Sunday, 22 June 2014


Crowdfunding is a method of raising funds from multiple investors over the web for a specific project, business venture or a social cause. The United States of America and the United Kingdom are seen as dominant players in this kind of funding. Crowdfunding has developed as an alternative means of raising funds, especially for start-ups and SMEs. Another reason for the popularity of this form of fund generation is the financial crisis in 2008 which resulted in restricted fund allocation by banks thereby giving rise to the need for an alternative method of funding.

Funding through this method has grown exponentially especially with innovative start-up companies. Max Gunawan’s startup managed to raise close to $600,000 in a span of 30 days through the process of crowdfunding. Julie Urman, a video game developer, raised close to $9 Million within a span of 30 days.

There are multiple types of crowdfunding:
  1. Donation crowdfunding: As the name suggests it involves generation of funds for charity and philanthropic purposes.
  2.  Reward crowdfunding: A form of funding which is dependent on a future of existing reward as consideration.
  3. Peer-to-Peer lending: Is an online platform where lenders and borrows are matched for unsecured loans and the interest rate is determined or set by this platform.
  4. Equity Crowdfunding: As the name suggests, funds are generated with equity of the funded company as consideration.

The United States and the United Kingdom have regulations on crowdfunding. India has seen the growth of this kind of funding, but it still stands unregulated. Recently SEBI released a consultation paper on crowdfunding which discusses the methods, risks and advantages of this form of funding. It provides a comprehensive note on the regulations in other countries and pinpoints the regulations which can affect crowdfunding in India. The provisions of the Companies Act, 2013 and various SEBI Regulations such as ICDR has been discussed.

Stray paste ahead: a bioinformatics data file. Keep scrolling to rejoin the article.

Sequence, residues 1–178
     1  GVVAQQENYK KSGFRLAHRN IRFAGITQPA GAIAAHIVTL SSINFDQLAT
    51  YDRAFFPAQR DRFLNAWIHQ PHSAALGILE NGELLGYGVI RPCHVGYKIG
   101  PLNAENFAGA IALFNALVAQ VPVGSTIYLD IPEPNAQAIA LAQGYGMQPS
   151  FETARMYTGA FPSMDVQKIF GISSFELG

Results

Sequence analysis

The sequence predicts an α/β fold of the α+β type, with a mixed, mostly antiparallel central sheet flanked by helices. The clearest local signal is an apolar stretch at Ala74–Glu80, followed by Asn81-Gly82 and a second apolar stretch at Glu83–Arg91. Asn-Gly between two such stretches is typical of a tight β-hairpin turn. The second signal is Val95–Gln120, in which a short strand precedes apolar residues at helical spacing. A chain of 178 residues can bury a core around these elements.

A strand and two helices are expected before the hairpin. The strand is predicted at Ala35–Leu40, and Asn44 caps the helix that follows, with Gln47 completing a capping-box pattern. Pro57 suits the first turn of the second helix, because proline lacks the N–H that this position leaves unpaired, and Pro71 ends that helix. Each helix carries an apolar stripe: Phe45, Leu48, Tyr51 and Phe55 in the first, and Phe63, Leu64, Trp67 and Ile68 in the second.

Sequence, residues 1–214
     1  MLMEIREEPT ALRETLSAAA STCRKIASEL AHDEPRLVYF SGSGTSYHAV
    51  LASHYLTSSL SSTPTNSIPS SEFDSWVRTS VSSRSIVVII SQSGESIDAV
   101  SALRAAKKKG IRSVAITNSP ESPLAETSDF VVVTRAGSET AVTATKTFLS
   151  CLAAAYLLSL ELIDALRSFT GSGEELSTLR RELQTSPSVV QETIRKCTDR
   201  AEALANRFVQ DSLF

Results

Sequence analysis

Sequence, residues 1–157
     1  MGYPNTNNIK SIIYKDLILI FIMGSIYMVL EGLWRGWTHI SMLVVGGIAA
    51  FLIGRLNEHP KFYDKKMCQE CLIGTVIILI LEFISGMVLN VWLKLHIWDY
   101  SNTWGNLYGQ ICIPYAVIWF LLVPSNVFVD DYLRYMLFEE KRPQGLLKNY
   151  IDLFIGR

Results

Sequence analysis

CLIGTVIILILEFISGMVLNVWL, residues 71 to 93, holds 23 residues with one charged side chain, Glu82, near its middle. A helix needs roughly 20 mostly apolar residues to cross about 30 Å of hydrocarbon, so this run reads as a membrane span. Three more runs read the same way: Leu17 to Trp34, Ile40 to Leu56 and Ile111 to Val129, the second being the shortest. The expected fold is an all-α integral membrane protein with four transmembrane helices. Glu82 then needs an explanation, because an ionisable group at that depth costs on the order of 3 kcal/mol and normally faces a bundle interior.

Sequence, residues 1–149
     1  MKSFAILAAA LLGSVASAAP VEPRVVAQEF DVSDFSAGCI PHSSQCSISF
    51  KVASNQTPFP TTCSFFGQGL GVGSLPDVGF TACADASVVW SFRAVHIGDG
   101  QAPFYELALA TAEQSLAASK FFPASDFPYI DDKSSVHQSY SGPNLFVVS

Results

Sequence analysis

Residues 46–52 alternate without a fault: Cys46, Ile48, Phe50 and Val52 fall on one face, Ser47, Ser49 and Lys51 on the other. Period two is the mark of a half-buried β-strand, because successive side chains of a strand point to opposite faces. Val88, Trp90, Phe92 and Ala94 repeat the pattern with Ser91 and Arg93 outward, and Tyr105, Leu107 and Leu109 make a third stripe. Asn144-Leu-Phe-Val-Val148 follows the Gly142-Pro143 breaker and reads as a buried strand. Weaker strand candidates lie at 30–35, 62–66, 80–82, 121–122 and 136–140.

Crowdfunding can be categorized as a form of private placement, therefore the provisions of the Companies Act, 2013 are attracted. Advertisements by companies raising money through private placements is prohibited and securities cannot be issued to more than 200 persons. However, QIBs and employees availing the employee stock option by companies are excluded. Further such offers can be made only to such persons whose names are recorded by the company prior to the invitation to subscribe.

However, as mentioned above, Companies Act, 2013 provides a window for making private placement offers to Qualified Institutional Buyers (QIBs) and the 'limit of 200' is not applicable to such QIBs. QIBs are the entities such as a MF, Foreign Portfolio Investor (FPI), AIF, Scheduled Commercial Bank, IRDA registered Insurance company etc. as defined in SEBI (Issue of Capital and Disclosure Requirements) Regulations, 2009. This exception can therefore be exploited in order to generate funds under crowdfunding. 

Given the high-level of risks associated with this new way of fund-raising activity, SEBI has proposed that only 'accredited investors' be allowed to participate in crowdfunding activities. Such investors would include institutional investors, companies, HNIs and financially-secure retail investors advised by investment advisors or portfolio managers. SEBI has clarified that no regulations are under construction and this consultation paper is merely a medium to understand and garner public opinion on crowdfunding. 

1 comment:

  1. Nice article!
    But the main issue with SEBI's (proposed) regulation of crowdfunding is that they're taking the "crowd" out of crowdfunding.